Over the past 2 months, I’ve trekked here, there, and everywhere to speak about digital content strategy and planning. Amazing? Yes. I wish I could box up each and every experience and share it with you. But that’s the funny thing about events. You really do have to be there.
Instead, I’d like to share tidbits of my impressions, images, and insights.
UNIVERSITY OF ILLINOIS WEBMASTERS FORUM
As you can tell from the name, this annual event is historic. It started when the term “webmaster” became en vogue. (I had the nostalgic title in 2001 at Centers for Disease Control and Prevention. Feel the digital power!) The forum’s distinguished past includes keynotes from experts such as Jared Spool. When Creative Director Doug Burgett invited me to keynote the forum on behalf of its organizing committee, I basically asked, “Are you sure? I really am going to talk about digital content strategy, not development or design.” To his credit, Doug didn’t hesitate, and the event broke their attendance record. Yes, Doug said the forum enjoyed the highest attendance in their entire history. Content matters to higher education.
At the forum, the attendees didn’t miss a beat during the keynote. Everyone laughed at Star Wars references and managed not to cry as they shared their content challenges across web, social, and mobile. As kind as the forum-goers were, they didn’t spare me tough questions at the end. It’s only fair. I love tough questions because they’re a sign that people really are trying to implement content strategy.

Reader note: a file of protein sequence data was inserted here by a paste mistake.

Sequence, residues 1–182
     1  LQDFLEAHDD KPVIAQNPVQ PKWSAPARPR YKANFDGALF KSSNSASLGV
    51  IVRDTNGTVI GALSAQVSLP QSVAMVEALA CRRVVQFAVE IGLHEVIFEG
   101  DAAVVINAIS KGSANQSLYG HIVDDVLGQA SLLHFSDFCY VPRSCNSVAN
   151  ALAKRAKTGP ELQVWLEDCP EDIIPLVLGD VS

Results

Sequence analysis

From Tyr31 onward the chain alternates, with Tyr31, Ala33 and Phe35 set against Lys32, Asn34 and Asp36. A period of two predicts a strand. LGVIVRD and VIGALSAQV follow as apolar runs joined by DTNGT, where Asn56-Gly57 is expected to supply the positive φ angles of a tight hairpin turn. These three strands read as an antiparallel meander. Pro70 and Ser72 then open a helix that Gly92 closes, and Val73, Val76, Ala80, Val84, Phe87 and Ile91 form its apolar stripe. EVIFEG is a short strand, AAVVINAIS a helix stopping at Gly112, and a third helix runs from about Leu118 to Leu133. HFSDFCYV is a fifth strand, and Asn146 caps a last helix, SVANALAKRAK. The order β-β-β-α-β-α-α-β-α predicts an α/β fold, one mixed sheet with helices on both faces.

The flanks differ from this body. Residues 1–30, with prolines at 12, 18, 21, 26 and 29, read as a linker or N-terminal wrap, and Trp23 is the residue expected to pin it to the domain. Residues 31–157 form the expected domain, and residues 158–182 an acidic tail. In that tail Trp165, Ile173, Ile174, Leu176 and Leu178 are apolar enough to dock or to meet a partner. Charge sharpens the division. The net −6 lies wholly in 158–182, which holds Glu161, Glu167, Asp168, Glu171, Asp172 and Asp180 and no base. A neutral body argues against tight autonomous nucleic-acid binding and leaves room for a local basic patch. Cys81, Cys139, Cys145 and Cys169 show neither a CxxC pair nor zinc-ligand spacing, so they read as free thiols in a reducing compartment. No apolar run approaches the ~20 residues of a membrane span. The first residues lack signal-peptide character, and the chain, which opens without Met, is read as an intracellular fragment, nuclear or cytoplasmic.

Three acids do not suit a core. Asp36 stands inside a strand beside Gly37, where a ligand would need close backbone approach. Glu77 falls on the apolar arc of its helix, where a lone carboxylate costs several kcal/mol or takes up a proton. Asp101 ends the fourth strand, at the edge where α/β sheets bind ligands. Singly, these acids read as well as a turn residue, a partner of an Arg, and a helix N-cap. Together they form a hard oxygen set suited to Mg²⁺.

After the keynote, a diverse roundup of web professionals from the university system presented about everything from accessible content to dynamic campus maps to digital signage. Content really is going everywhere.
(Note to every university system in the United States—why don’t you have a forum like this?!)
When a group of content strategists invited me to talk content, my curiosity peaked. I’ll share more details in a post that’s going through the proper reviews, but I can say this. Content is the new currency.
GERMAN IA SUMMIT 2012